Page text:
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Effects of single and mixed infections with wild type and genetically modified Helicoverpa armigera nucleopolyhedrovirus on movement behaviour of cotton bollworm larvae

  • Georgievska, L.
  • Joosten, N.N.
  • Hoover, K.
  • Cory, J.S.
  • Vlak, J.M.
Publication Date
Jan 01, 2010
Wageningen University and Researchcenter Publications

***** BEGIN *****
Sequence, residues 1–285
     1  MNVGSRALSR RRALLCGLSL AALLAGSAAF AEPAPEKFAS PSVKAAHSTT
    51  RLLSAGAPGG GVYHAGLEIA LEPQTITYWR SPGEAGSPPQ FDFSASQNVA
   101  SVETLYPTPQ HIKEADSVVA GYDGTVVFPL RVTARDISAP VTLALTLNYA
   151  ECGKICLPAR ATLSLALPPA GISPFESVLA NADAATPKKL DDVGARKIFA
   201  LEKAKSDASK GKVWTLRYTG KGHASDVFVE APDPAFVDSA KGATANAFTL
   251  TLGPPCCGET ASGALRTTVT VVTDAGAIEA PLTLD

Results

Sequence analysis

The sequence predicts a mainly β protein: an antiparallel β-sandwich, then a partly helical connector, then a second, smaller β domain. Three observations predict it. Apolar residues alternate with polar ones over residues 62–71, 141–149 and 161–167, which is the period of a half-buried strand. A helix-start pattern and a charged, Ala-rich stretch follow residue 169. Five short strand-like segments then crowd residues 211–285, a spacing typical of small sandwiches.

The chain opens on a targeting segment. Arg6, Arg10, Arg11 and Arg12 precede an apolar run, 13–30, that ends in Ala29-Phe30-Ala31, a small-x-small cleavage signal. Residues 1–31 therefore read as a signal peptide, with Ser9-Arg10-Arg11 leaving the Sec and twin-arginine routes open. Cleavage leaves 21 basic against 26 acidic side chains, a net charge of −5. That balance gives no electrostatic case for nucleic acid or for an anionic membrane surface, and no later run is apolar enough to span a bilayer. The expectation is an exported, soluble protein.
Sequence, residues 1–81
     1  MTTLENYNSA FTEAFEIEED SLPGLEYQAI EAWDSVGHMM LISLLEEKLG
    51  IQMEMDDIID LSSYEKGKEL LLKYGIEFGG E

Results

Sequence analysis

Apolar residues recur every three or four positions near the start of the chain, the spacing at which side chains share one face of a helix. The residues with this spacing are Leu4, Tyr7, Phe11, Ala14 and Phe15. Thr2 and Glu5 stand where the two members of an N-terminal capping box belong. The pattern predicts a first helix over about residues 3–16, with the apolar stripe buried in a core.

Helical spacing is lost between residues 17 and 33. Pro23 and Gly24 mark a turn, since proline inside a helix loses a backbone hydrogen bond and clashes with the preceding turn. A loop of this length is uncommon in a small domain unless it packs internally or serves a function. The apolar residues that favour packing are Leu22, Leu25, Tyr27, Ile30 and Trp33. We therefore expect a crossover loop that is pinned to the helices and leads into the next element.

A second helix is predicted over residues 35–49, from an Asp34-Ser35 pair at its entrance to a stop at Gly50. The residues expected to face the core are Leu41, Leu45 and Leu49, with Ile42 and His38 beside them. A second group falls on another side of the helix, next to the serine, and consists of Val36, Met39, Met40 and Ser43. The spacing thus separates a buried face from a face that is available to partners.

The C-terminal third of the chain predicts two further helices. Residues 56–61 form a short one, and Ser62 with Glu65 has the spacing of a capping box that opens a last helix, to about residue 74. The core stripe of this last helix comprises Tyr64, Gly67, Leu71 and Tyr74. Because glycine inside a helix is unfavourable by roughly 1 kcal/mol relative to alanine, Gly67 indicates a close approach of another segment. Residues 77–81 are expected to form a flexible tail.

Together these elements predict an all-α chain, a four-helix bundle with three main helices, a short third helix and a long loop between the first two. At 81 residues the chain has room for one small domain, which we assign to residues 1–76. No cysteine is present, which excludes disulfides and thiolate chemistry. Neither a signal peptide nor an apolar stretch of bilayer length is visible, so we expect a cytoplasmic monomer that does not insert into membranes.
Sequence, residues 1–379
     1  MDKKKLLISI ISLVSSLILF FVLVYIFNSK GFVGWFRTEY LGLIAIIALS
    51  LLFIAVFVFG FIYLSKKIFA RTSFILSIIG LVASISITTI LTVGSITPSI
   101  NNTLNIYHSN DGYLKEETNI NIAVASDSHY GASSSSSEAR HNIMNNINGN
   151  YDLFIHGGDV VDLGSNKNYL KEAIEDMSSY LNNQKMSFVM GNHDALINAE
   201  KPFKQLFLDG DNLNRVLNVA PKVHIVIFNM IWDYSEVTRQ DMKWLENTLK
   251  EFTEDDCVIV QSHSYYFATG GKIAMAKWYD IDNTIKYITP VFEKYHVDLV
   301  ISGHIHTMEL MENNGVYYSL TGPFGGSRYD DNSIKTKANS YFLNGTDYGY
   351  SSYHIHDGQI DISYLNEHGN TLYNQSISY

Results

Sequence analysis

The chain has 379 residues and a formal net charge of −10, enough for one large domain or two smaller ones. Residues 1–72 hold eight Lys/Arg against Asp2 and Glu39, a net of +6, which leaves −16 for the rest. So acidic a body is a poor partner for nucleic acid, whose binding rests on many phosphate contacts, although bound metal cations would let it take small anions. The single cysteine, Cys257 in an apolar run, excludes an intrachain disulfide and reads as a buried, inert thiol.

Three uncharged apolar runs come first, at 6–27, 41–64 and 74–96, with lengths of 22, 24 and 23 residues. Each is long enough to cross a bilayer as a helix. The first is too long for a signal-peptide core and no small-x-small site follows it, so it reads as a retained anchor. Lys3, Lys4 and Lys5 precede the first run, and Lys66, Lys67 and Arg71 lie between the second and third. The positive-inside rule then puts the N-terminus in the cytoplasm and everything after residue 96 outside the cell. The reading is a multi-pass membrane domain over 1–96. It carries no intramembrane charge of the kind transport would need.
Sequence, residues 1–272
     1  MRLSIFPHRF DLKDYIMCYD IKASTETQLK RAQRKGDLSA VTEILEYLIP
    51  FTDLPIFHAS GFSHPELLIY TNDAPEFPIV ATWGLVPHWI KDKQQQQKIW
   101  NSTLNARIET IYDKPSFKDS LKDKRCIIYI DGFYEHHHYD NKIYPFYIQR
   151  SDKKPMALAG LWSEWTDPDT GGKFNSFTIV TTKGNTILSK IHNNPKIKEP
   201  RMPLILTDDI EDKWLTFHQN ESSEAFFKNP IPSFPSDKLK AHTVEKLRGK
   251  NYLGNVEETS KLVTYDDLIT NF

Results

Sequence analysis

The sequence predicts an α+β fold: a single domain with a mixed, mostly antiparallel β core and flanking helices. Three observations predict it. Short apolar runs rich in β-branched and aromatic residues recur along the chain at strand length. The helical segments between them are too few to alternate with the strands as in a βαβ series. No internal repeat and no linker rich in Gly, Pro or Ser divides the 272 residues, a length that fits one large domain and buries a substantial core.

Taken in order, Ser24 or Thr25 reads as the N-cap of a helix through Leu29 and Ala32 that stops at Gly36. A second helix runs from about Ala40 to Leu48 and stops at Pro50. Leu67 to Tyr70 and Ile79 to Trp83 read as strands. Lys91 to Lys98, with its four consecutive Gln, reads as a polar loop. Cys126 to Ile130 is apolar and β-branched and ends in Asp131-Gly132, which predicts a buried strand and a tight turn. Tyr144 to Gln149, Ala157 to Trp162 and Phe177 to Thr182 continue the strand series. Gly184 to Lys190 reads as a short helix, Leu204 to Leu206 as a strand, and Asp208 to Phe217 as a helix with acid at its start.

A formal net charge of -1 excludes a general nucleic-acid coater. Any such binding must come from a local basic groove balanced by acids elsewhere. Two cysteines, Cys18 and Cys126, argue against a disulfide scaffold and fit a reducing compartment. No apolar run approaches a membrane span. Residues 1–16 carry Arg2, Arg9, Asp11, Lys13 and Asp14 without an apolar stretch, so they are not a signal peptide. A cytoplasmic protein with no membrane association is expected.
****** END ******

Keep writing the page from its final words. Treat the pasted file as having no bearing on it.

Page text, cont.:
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Naturally occurring insect viruses can modify the behaviour of infected insects and thereby modulate virus transmission. Modifications of the virus genome could alter these behavioural effects. We studied the distance moved and the position of virus-killed cadavers of fourth instars of Helicoverpa armigera (Hübner) (Lepidoptera: Noctuidae) infected with a wild-type genotype of H. armigera nucleopolyhedrovirus (HaSNPV) or with one of two recombinant genotypes of this virus on cotton plants. The behavioural effects of virus infection were examined both in larvae infected with a single virus genotype, and in larvae challenged with mixtures of the wild-type and one of the recombinant viruses. An egt-negative virus variant caused more rapid death and lower virus yield in fourth instars, but egt-deletion did not produce consistent behavioural effects over three experiments, two under controlled glasshouse conditions and one in field cages. A recombinant virus containing the AaIT-(Androctonus australis Hector) insect-selective toxin gene, which expresses a neurotoxin derived from a scorpion, caused faster death and cadavers were found lower down the plant than insects infected with unmodified virus. Larvae that died from mixed infections of the AaIT-expressing recombinant and the wild-type virus died at positions significantly lower, compared to infection with the pure wild-type viral strain. The results indicate that transmission of egt-negative variants of HaSNPV are likely to be affected by lower virus yield, but not by behavioural effects of egt gene deletion. By contrast, the AaIT recombinant will produce lower virus yields as well as modified behaviour, which together can contribute to reduced virus transmission under field conditions. In addition, larvae infected with both the wild-type virus and the toxin recombinant behaved as larvae infected with the toxin recombinant only, which might be a positive factor for the risk assessment of such toxin recombinants in the environment.

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